Final Fantasy 16 Protagonist Clive petting a dog.
As I acknowledge above, Final Fantasy XVI, and its development team, never call these accessibility settings, but in practice that is what they are. Auto dodge and slow motion before an attack hits you are accessibility options for people who struggle to react quickly during combat, either due to motor control, coordination, or cognitive disabilities. One button combos are accessibility settings for players who struggle with manipulating multiple buttons in quick succession, as is the setting for automating your NPC in combat. Auto healing is an accessibility setting for players with low vision, or trouble focusing in visually intense moments. All of these are assists that disabled players are likely to need all game long if they need them, and the fact is that they are being discouraged from and penalised for using them.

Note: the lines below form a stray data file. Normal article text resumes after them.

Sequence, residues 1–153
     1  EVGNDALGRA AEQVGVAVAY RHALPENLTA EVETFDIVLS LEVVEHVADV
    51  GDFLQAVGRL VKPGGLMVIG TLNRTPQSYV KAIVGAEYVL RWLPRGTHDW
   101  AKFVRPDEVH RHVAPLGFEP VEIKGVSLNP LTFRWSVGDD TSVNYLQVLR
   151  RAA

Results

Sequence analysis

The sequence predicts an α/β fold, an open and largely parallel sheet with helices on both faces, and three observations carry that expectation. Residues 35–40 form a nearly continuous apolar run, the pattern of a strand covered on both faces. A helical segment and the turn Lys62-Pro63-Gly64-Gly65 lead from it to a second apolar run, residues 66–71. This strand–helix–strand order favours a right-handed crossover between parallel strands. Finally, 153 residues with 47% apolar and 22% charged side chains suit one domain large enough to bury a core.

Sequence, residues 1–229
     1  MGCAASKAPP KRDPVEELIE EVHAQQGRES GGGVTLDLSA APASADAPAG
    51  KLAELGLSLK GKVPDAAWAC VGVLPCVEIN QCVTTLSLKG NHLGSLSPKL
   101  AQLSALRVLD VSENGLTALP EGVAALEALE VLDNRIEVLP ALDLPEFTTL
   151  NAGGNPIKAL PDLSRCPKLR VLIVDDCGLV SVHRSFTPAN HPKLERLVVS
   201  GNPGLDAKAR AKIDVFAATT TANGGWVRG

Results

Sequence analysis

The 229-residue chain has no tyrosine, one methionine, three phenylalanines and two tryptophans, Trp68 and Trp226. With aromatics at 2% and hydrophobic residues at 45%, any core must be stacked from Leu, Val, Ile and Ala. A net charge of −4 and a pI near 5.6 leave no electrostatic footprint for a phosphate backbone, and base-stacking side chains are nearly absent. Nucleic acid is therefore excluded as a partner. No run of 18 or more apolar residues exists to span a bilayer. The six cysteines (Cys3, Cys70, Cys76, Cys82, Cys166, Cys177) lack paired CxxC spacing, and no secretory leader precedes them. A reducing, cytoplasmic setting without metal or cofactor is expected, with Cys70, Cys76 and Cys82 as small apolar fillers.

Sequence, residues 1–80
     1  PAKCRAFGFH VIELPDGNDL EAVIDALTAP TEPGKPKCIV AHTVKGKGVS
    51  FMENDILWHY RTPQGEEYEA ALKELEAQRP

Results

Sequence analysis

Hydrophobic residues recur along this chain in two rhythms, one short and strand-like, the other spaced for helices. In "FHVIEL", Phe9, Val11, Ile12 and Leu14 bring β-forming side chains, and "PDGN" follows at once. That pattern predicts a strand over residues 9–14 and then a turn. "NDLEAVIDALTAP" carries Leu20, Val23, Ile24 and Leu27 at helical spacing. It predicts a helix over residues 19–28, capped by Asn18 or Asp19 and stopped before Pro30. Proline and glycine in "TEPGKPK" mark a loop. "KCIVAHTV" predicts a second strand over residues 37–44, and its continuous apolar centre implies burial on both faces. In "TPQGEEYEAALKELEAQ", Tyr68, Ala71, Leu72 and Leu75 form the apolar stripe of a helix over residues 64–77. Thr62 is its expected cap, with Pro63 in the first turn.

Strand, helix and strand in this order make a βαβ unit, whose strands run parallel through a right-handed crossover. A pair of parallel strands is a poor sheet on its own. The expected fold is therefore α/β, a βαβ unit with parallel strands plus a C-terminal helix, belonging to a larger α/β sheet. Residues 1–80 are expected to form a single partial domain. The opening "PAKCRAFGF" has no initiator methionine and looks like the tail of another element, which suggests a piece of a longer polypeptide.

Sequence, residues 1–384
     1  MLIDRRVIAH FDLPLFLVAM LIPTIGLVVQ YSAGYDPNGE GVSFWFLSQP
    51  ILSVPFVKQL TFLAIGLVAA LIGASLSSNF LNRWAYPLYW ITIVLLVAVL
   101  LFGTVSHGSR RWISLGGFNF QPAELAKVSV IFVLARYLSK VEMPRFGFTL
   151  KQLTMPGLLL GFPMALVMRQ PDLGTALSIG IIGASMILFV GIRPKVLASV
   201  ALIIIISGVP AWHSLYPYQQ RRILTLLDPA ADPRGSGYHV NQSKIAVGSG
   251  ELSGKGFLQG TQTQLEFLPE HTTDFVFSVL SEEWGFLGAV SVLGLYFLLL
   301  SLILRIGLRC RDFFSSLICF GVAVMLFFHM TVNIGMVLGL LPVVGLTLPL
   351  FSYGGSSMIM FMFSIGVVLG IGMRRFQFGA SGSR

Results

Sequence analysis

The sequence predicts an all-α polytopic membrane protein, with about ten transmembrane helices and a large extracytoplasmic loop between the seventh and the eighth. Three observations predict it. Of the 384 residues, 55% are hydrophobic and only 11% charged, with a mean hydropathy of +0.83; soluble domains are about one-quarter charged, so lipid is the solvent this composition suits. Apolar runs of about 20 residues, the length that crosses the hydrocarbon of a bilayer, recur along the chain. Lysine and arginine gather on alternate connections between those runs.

I do want to acknowledge a comparison that I’ve seen made a few times this past week, which is people comparing this execution of accessibility settings to the one found in Neir Automata, which also implemented accessibility options as equippable items as part of your build. While these two games do use similar concepts, the key difference with Neir Automata was in that game the player had a LOT more room for equipping items. Players start the game with I believe 40 points worth of space to equip modifications to their character, and the game’s assist options such as auto dodge and auto targeting gunfire were always the cheapest upgrades to equip, minimising their impact on your ability to still customise a full character setup with minimal penalty.